...

But alt-az coordinates change depending on the time of day, dont they? For example, during sunset the alt-coordinate of the sun is 0? So you must consider the tme at which you shot the image when you convert between alt/az and RA/Dec equatorial coordinates. Or am I getting something wrong here?

Georg
Georg (6 inch Newton, unmodified Canon EOS40D+80D, unguided EQ5 mount)

Offline vicent_peris

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Re: Blind Solver
« Reply #49 on: 2010 April 30 06:26:59 »
This scope has an altazimuth mount. So it generates the pointing model by analizing deviations in altitude and azimuth coordinates. For each image I acquire, I write the altaz coordinates of the telescope. What we were planning is to calculate the coordinates of each image, and then make a spreadsheet that make the transformation between alt&az deviation and AR&Dec deviation. This is done simply by knowing the altaz coordinates of each image: you can calculate the angle between the two coordinates systems in that altaz coordinates and then turn the altaz deviation.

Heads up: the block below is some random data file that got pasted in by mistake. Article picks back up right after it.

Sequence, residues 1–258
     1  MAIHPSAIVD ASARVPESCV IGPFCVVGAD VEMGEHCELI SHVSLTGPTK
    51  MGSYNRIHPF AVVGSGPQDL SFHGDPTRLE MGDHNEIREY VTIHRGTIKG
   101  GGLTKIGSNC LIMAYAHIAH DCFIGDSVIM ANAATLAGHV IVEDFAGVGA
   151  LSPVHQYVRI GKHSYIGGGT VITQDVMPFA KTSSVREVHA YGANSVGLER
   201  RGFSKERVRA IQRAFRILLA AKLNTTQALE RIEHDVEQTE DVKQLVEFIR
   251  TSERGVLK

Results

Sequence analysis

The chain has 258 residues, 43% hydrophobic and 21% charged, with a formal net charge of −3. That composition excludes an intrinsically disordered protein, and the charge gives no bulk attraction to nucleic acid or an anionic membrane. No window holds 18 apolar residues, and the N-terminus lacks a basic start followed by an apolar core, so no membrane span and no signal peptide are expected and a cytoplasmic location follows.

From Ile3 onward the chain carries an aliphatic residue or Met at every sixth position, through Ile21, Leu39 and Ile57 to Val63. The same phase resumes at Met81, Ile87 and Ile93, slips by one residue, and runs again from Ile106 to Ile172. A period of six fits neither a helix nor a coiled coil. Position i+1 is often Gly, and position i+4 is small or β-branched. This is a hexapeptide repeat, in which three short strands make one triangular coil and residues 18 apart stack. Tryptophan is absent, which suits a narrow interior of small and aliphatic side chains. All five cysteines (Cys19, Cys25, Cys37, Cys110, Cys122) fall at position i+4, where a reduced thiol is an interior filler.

...

But alt-az coordinates change depending on the time of day, dont they? For example, during sunset the alt-coordinate of the sun is 0? So you must consider the tme at which you shot the image when you convert between alt/az and RA/Dec equatorial coordinates. Or am I getting something wrong here?

Georg


No. For pointing model, you mast take the altaz coordinates of the mount exclusively. In my case, I wrote the altaz coordinates in my notebook at the time of acquiring each pointing model image. Then, all you need is geographic latitude and declination the telescope was pointing at. With these data, you can calculate the angle between declination and altitude at a known altaz coordinate, depending on the geographic latitude.